Safe

Safe

I sent my first grader to school the day after Sandy Hook. My six year old, my oldest son, my child who was the same age as those in that classroom whose parents couldn’t have fathomed such an atrocity taking place in their kid’s school.

School.

Oh, did I love school as a child. I couldn’t sleep on that night before the first day, butterflies dancing in my stomach. I’m sure some of those butterflies were caused by nerves; I’ve been anxious my whole life. But mostly those butterflies fluttered around with thoughts of new teachers, the smell of books, friends, recess, and so much more.

My sons feel similarly. Oh, they have some grumpy mornings. There have been a few issues with other children not being nice. However, these two boys love school. Moreover, they love their school. They love their teachers and the staff. They love their experiences and their friends. I love that they love school.

When I put my son on the bus the very next morning after the murder of innocent children and their teachers in Newtown, I felt sick to my stomach.

On Valentine’s Day, we were out shopping when my watch dinged.

“Oh no,” escaped from my lips.
“What?”
“Another school shooting.”

Another.

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They didn’t even ask where. They didn’t ask anything. This is their reality. This is the reality for our children. Children go to school and are murdered by other children. Our kids know this, and yet they go to school every single day.

It makes my whole being hurt.

I graduated months after Columbine. I thought I had left the fear that penetrated our souls that April afternoon in 1999 in the last century. No. It followed us. It followed Gen X and then mutated, morphed into something we couldn’t have conjured up in our wildest nightmares—and we watched Stephen King movies at sleepovers that haunted us for nights and weeks afterward.

No, the slaughtering of our children in their classrooms even supersedes the scariest workings of one of the best horror authors of our time.

My watch dinged again as we drove home in the dark. 17. 17 dead. I told them. They nodded. Their reality. We’ve allowed this to become their reality. I hate that for them. I hate that, for us as parents who send them off on buses, watch them walk in the doors after we drop them off, just hoping we see them again at the end of the day.

I want my boys to keep loving their school experience. I hope they continue to find teachers they click with, who challenge them to reach their potential. They’ve already been so lucky in this regard. I want them to be involved in their school experience, whether via sports or the band or other extra-curricular activities. I want them to look back at the entirety of their schooling experience with a fondness, not a gut-sucking fear.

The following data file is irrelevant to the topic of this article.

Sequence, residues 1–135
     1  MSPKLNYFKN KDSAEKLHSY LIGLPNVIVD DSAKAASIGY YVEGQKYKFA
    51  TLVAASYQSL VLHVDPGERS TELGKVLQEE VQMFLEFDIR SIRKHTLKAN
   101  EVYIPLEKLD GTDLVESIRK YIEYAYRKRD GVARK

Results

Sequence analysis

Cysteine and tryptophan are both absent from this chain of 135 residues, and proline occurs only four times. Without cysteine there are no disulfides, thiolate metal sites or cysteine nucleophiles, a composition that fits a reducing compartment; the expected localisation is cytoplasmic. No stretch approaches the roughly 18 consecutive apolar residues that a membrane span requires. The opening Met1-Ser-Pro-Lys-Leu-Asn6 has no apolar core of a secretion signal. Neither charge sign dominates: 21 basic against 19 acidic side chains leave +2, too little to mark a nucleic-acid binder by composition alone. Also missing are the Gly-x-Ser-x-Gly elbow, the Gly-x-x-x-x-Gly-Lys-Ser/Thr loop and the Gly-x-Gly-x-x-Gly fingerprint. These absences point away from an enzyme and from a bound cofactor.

I asked each boy if anyone mentioned Parkland at school the next day. Our older son stated that no teachers mentioned it, but a friend talked about it during an open period. Our younger son explained that his teacher brought it up and then went on to say that she made him feel safe by the things she said.

Listen, there’s a lot of work ahead for us as a country. We can’t keep letting our kids be murdered in schools. We can’t. It will require a multi-faceted approach that overhauls just about every aspect of the issue; it’s the only way we’re gonna get through this one. Until then, I will try to take solace in the fact that somehow my children still feel safe at school. I don’t feel safe sending them, but as long as they aren’t sitting in class and panicking all day long, I will give thanks.

There’s a lot of work ahead. There’s a lot of voting and changing in America’s future. I will hold on to hope that the change will happen before my sons leave the school system, that they might truly be safe at school—that their teachers won’t have to convince them they are safe at school, that they may someday just be safe at school.

 

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The Best Valentine’s Day (So Far)

Nothing says romance quite like taking a tween boy shopping for new pants because he’s grown 2.5 inches since Christmas Day.

AMIRIGHT?!

We’re not big Valentine’s Day celebrators. That’s true. But taking a tween shopping felt like maybe the antithesis of love. Tween parenting is odd in and of itself. One day we’re the coolest, the next we’re the worst. I remember that, but being on the flip side feels like someone poking at the soft parts of my heart.

But the kid needed pants. Our schedules have been a little bit crazy as of late, so getting out of town and to an actual shopping plaza has been more of a challenge than usual. I couldn’t just order him clothing online either as I legit had no idea what size to order the quickly growing kid. I needed him to try pieces on and provide actual feedback for fit and length.

While I’m on the topic: Clothing boys is the worst. Not only is it all ugly and virtually impossible to find, but the sizing across brands is RI.DIC.U.LOUS. RIDICULOUS. Old Navy XL is too short. Nike L is too tight but long enough. Kohls’ tech brand L fits length wise but falls off his waist. Brands, please get your act together. It would be great if one size matched across all brands. Not only would it be life-changing for parents but it would result in more money in brands’ pockets as I could easily log on and buy, buy, buy.

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Anyway, hanging out in the boys’ department on Valentine’s Day wasn’t all that bad.